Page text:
Craig Cotter

The summer I was 17

transistor radio tied to a belt loop
on a ladder

painting Pete and Carol's house
Rochester, New York

I liked Hey Jude best.

When I got to the dorm
still 17

asked my roommate from Detroit
who had a lot of records,

Who does that song Hey Jude?

It was September 1978.

He smiled and was silent.

“Have you ever heard it,” I asked?

“You're kidding, right?”

                —for Ron Slottke

Tag You’re It

I've been in a zone since 2005—
I can't write anything bad.

My writer friends suffer,
drink, whine, complain,
and try to write literary theory.

I just had my 127th poem published this year.

They seem unable to relax
into their talents.

They wonder what large groups of people think,
assess trends.

Children play tag
around a plastic table
at the Boba House.

I liked

being a child
of the '60s.

These are Michigan memories.


We felt
we could do anything.

could take us anywhere

(Art not so much


A man from NASA
in our gym

lit a piece of solid rocket fuel
held with tongs.

Flames leapt 20 feet.

He then dropped it in a beaker of water.
It continued to burn

and quickly boiled away the water.


I won a hockey stick
signed by the Detroit Red Wings.


Michigan bumper sticker:

                                JESUS SAVES

Daryl Cox always won The President's Award
for Physical Fitness.

It was signed by Johnson,
then Nixon.

And it was easy for him.

We’d wonder if anyone else might win—
Daryl was a given,

and cute.


His brother Brian
had a 194 house paper route

(Detroit Free Press).
Their father was a pipefitter.

I'd ride my bike along with Brian
because he was cool and older

and I was soon to be a full-grown mo.

Brian had a two-foot length of lead pipe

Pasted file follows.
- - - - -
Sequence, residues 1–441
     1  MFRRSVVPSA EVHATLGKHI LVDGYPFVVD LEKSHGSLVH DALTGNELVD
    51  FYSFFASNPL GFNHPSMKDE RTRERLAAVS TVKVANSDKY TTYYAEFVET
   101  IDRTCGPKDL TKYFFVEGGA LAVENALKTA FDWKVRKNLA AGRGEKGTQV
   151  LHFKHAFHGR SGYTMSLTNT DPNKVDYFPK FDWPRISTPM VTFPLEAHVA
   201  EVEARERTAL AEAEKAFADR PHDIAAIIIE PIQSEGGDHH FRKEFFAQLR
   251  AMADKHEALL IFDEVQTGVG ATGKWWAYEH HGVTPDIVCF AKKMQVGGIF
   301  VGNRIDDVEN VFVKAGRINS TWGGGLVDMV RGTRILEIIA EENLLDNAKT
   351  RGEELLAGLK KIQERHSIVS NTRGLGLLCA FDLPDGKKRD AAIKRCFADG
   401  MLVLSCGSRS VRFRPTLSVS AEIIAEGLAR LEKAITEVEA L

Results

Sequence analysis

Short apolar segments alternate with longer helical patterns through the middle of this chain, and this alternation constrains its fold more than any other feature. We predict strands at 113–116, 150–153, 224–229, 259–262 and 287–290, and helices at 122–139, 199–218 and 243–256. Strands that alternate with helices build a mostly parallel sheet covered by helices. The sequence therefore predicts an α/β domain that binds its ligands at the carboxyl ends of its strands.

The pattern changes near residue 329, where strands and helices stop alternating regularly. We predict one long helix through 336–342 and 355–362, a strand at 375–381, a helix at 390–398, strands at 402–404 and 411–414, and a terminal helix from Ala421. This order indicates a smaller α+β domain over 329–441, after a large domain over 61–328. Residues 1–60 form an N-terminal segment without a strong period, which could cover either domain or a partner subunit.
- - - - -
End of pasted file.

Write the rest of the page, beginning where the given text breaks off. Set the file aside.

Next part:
tied to a bar on his bike.

He called it The Magic Wand.

When dogs attacked him on his bike
he'd pull out The Wand

and begin swinging
as he rode.

He had no problem laying pipe
across an attacking dog's skull.

This not only always stopped the attack,
but the dog wanded never attacked Brian again.

He’d memorized the 194 places
his customers wanted their papers—

in the mailbox,
through the fence on the back door step,

inside the front screen door,
on the low brick wall beside the garage.

His tips were high
as his memory was perfect.

He gave me the route
one week in November

when his family went to visit

I got one day of training.

I didn’t know how to take notes
and didn’t have that kind of memory.

By the second house without Brian
I knew I was fucked.

I put the other 194 papers
at the front door

of the small brick box houses

of the assembly-line workers
of Pontiac Motors.

The complaints were loud,
tips plummeted—

Brian never asked me to fill-in again.


In 4th grade
The Beatles split.


The San Gabriel Mountain aren’t mine.

They remind me of breaking down in Albuquerque
after a bad tank of gas in Texas.


A bog of cars
slow in all lanes.


Thirty years ago a geography prof at Michigan State said,
“Michigan is in a structural basin.”

A Good Run

The dreams left
not going to happen.


At the creepy grocery by the projects
bought 5 pounds of bacon,
a gallon of nonfat milk,
half-and-half for Mano's coffee,
4 boxes of kleenex,
5 cups of yogurt
and The National Inquirer
to read about Ed McMahon's painful deathbed lament.


Enough pills
to do the job tonight.

Chug them with milk
curl up in bed.


When Mano gets home from work around 6 p.m.—

he’s moved back in for the week
afraid of ghosts while Ian's traveling—

she’ll get over me quickly.

Craig Cotter was born in 1960 in New York and has lived in California since 1986. His poems have appeared in Caliban Online, California Quarterly, Chiron Review, Columbia Poetry Review, Court Green, Free State Review, Great Lakes Review, Hawai'i Review, Ottawa Arts Review, Poetry New Zealand & Tampa Review. His fourth book of poems, After Lunch with Frank O'Hara, is currently available from Chelsea Station Editions. In 2019 his new manuscript, ALEX, was a finalist for the Tampa Review Prize.
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